Professor: It's clear, playing violent games increases aggressive behavior
Ohio St. scholar Brad Bushman says violent video games can also make people "numb to the pain and suffering of others."
For Ohio St. University communication and psychology professor Brad Bushman, it's clear: playing violent video games can have real-world effects on players like increased levels of aggression. During a presentation last night in Provo, Bushman--who has been studying violent media a quarter century and has published some 150 papers--stated his findings after reviewing 381 studies with more than 130,000 participants.
Based on this research, Bushman concluded that, "Playing violent video games increases aggressive thoughts, angry feelings, emotional arousal, and aggression," according to Deseret News. Such games also make players "numb to the pain and suffering of others," he said.
"All these effects are massive and statistically significant," Bushman explained.
Bushman said there are some 140 studies with more than 68,000 participants that conclude there is most definitely a relationship between violent video games and aggressive behavior.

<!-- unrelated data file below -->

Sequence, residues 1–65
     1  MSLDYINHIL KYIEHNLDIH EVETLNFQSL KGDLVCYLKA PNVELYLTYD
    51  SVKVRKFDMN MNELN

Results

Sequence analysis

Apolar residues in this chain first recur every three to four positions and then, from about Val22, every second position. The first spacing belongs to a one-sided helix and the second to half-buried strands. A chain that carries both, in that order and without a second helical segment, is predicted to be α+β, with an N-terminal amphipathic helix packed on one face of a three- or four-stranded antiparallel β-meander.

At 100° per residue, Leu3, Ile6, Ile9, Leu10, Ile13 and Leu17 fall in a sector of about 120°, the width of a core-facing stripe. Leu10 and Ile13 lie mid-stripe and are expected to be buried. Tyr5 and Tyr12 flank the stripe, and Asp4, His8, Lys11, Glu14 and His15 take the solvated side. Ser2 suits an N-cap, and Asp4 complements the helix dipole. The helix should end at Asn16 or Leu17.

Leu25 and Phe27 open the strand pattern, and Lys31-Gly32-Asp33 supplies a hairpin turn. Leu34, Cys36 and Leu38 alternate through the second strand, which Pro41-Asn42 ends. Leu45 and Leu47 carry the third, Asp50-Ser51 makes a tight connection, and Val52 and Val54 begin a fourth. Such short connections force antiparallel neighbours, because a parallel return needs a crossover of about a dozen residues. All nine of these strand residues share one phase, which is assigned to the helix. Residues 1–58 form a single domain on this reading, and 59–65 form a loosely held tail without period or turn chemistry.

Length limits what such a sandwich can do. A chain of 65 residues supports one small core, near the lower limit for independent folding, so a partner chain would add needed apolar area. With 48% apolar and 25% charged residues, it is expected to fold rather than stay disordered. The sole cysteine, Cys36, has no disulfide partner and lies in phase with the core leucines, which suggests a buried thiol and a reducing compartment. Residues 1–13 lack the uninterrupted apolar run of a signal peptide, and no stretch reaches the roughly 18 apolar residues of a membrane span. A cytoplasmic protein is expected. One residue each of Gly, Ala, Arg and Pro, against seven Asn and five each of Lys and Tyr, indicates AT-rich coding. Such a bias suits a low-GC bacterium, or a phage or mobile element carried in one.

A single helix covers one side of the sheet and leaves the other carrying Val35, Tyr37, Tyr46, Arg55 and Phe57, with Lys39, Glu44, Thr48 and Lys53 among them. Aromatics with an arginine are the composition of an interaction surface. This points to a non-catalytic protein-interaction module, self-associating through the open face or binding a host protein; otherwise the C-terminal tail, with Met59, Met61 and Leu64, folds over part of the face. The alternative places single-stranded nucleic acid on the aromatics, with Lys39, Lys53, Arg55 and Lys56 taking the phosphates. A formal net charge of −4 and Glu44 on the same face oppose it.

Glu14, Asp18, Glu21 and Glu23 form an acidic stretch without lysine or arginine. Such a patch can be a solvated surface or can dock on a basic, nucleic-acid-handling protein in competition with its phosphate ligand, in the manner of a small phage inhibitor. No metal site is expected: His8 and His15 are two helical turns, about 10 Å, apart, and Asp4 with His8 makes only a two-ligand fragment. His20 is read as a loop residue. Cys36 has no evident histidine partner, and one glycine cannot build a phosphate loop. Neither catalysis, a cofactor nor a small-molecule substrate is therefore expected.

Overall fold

"People who say there aren't enough studies on violent video games don’t know what they are talking about," Bushman said. "There is little margin of error, and the findings are so statistically significant that there is no question that violent video games affect behavior."
Many Americans might not accept Bushman's findings for reasons including denial in the media, the third-person effect, false reasoning, an aversion for being told what to do, and cognitive dissonance, Bushman said.
One example of fallacious reasoning Bushman provided was the popular line: "I've played violent video games my whole life and I never murdered anyone." Bushman doesn't agree with this reasoning. "Big deal," he said. "Nobody ever murders," on a population percentage basis.
Overall, Bushman said what drives his enthusiasm for video game research is his passion to safeguard children. "We don't let our kids smokes cigarettes, drink beer, or play with guns. Let's protect our children. Let's make sure they don't consume age-inappropriate media."
Bushman also cited a study--that has not yet been published--in which researchers found games like Grand Theft Auto actually encourage players to give no thought to self-control.
"Violent video games discourage self-control," Bushman said. "The top two contributing factors to success in life are intelligence and self-control."
Finally, Bushman stressed that violent media is something "we can do something about," noting that in his own home, the TV and computers have passwords. He also does not allow TV screens in his children's rooms and takes away their iPads at night.
"They hate me, too," Bushman said. "Just like every other teenager in America."
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